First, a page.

• Apply white latex paint to trunk to deter egg laying and, if applied thick enough, suffocate borers already in the wood.
  • Keep the area around the tree weed-free to avoid shade and high humidity.

Woolly Apple Aphid

Woolly apple aphid colonies have been building. Still more commonly found inside the canopy around pruning cuts, cankers or split bark, there are some cottony masses that are beginning to move throughout the canopy.  Most products timed for San Jose scale should have some efficacy on woolly apple aphid as well. Many beneficial insects such as lady beetle can be found feeding on colonies.

Mullein Bug

Mullein bug stings on developing fruitlets have been reported in orchards. However, overall damage from this pest has been fairly low. This is especially surprising in some orchards especially given the high numbers of mullein bug nymphs have been tapped out during weekly monitoring. At this point in the season, damage is not a concern as most mullein bugs are late stage nymphs (with wing pads) or adults and fruit is larger than dime- to quarter-sized. In fact, mullein bugs are very effective predators of many orchard pests so supporting these populations from this point on in the season is encouraged.

Brown Marmorated Stink Bug

Brown marmorated stink bug has begun to be caught in monitoring traps in established areas. These are the overwintering adults becoming active. However, they are not attracted to apples at this time of the year as a food source. Damage is likely to not occur in apples until later in the season but it is never too late to add stink bug to your monitoring program. For more information and regular updates, go to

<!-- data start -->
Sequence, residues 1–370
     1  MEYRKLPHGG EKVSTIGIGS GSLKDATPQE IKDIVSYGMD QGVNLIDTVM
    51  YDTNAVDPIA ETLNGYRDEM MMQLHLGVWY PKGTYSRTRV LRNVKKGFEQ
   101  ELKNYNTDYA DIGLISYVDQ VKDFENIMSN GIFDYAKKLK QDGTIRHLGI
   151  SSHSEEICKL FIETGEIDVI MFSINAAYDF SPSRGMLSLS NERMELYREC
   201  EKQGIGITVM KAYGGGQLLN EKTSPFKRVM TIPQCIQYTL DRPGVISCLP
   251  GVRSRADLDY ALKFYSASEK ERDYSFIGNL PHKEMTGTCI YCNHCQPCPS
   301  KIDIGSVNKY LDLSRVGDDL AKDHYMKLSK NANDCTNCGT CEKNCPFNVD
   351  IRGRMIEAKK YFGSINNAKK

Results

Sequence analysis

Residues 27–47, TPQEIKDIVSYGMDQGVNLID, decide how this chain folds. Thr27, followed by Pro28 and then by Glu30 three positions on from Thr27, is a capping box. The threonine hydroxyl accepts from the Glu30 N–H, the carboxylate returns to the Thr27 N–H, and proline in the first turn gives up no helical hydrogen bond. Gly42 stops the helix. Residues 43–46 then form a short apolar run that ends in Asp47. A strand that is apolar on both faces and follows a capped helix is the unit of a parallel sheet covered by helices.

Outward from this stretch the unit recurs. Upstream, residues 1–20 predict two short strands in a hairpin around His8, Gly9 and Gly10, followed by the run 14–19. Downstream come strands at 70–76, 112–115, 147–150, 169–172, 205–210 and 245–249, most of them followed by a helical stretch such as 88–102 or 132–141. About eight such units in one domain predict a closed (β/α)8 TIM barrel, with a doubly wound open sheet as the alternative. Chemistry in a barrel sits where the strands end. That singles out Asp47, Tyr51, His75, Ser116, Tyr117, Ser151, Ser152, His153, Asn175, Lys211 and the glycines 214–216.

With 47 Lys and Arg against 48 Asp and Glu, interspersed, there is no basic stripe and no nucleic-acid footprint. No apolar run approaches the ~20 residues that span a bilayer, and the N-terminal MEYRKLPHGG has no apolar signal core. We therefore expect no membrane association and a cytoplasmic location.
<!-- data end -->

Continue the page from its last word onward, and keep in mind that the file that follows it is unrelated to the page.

Other Insect Pests

Damage from leafcurling midge, tarnished plant bug, potato leafhopper and plum curculio continue to be found. Both European red mite and two-spotted spider mite are active; however, populations remain low.


The 3rd Apple Virtual Study Group Lunch ‘N Learn webinar will be Wednesday, July 3rd from 12:15pm to approx. 1:00pm. Dr David Rosenberger, Professor Emeritus in Plant Pathology from Cornell University will join us to discuss summer disease management. Webinar details coming soon.

Contact Information

The Ontario Public Service is streamlining telephone services to eliminate duplication. Effective  immediately, my telephone number is 519-420-9422. This mobile service replaces my telephone landline. Feel free to call or text me. These changes do not affect my email service which remains

For an updated contact list of other OMAFRA Agriculture Development Branch specialists, please see the Info-Go directory at

I’d also like to remind you that our Agricultural Information Contact Centre is at your service at 1-877-424-1300 and